In the 26 African HIPC beneficiaries studied, nominal public debt fell from a GDP-weighted average of 104 percent of GDP before relief, to 27 percent by 2006 when most had received full debt relief. Half a decade later the ratio was at 34 percent.
      
The trend has been broadly the same for resource-rich and resource-poor, and high- and low-income economies, said Mark Roland Thomas, a World Bank manager and co-author of the paper, the first review of debt dynamics in Africa since debt relief.
      
Ghana, which sold a new $750 million Eurobond and bought back a portion of the 2017 issue last year, shows how growing debt levels can threaten countries' fiscal dynamics.
      
Ghana's stability and roaring economic growth, reaching 14.5 percent in 2011, have made it an investor favorite. But the government's inability to tame widening fiscal deficits has led to a deterioration in its debt ratios. Its debt now represents just over half of its GDP, from 32 percent in 2008.
      
An expanding current account gap has hit the cedi currency, which has weakened more than 9 percent against the dollar this year, after a 24 percent slide in 2013. Fitch downgraded the cocoa, gold and oil producer to B from B-plus last October.
      
In a sign of waning market confidence, yields on Ghana's sovereign debt are higher than for any other African country with an actively traded international bond, at around 9 percent for its 2023 Eurobond and over 20 percent for domestic debt.
      
Zambia's story is in some ways a slow-motion version of Ghana's. Africa's biggest copper producer, which sold a hugely oversubscribed debut $750 million Eurobond in 2012 and plans to return to the market, was also downgraded by Fitch last year.
      
Zambia's debt is around 30 percent of GDP, still quite low. The government needs to spend on roads and energy but economists worry its current pace of borrowing cannot be sustained.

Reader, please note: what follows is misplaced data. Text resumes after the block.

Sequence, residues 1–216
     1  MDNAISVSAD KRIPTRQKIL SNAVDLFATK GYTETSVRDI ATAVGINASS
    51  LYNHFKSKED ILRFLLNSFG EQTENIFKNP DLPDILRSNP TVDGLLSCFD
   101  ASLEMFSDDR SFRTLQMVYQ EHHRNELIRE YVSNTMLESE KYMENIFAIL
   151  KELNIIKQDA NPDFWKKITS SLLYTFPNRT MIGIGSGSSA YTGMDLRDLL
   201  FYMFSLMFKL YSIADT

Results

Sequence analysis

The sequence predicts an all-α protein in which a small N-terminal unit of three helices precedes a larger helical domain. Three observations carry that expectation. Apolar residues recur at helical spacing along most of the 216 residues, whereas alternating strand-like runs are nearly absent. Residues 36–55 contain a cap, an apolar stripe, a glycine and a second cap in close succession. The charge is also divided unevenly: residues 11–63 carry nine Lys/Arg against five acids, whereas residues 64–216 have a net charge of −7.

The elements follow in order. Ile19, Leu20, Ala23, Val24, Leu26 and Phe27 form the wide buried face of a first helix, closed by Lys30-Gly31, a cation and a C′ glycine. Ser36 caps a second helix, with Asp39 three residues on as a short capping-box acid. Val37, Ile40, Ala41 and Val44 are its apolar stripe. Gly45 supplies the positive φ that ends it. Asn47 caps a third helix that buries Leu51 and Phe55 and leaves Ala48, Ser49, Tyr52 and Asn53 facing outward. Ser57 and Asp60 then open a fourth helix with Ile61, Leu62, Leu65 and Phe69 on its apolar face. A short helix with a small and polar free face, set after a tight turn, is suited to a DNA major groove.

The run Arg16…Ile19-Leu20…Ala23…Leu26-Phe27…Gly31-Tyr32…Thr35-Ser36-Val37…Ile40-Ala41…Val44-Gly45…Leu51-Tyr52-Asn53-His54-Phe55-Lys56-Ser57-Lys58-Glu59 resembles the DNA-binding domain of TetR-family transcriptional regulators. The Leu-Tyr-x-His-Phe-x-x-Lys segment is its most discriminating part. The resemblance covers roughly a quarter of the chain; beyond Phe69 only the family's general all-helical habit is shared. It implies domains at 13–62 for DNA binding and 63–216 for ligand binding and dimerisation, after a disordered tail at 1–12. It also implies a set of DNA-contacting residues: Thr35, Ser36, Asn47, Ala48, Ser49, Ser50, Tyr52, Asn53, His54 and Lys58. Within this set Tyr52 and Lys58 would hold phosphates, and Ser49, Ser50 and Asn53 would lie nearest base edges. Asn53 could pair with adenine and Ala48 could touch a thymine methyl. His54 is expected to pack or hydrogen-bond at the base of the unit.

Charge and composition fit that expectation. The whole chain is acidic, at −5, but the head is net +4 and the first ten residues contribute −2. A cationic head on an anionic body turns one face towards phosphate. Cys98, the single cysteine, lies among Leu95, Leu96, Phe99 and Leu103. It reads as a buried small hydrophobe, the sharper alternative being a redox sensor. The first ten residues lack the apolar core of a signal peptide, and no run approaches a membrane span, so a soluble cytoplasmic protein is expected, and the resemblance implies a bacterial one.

‘Eurobond curse?’
          
For Michael Cirami, an emerging markets fund manager at Eaton Vance Corp, Ghana and Zambia challenge the notion that sustained growth is a given for African nations. While international bonds bring countries into the global financial market and scrutiny from investors can improve policymaking, there may also be a flipside of looser fiscal policy, he said.
      
“I wonder and sometimes fear about a Eurobond curse, particularly in sub-Saharan Africa, where all of a sudden you get what seems like a windfall of money and you end up with policymaking deteriorating,” he said.
      
Ghana's GDP will likely only grow by 4.8 percent in 2014, the IMF estimates, from 5.5 percent last year. The market has less faith than the government that future growth will be enough to repay debtors, said Antoon de Klerk, a fund manager at Investec.
      
“If Ghana's growth falls short of expectations, it will very quickly run into debt servicing problems,” de Klerk wrote in a note to clients.
          
Ghana's finance ministry declined to comment.
          
In Zambia, ministry of finance permanent secretary Felix Nkulukusa told Reuters that concessional financing from the IMF and World Bank was insufficient to fund big infrastructure projects, forcing the country to turn to private creditors.